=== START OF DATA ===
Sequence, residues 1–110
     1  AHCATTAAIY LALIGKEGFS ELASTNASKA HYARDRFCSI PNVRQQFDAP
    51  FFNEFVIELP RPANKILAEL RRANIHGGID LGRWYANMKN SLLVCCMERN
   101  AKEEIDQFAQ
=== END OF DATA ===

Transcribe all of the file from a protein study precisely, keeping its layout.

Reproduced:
Sequence, residues 1–110
     1  AHCATTAAIY LALIGKEGFS ELASTNASKA HYARDRFCSI PNVRQQFDAP
    51  FFNEFVIELP RPANKILAEL RRANIHGGID LGRWYANMKN SLLVCCMERN
   101  AKEEIDQFAQ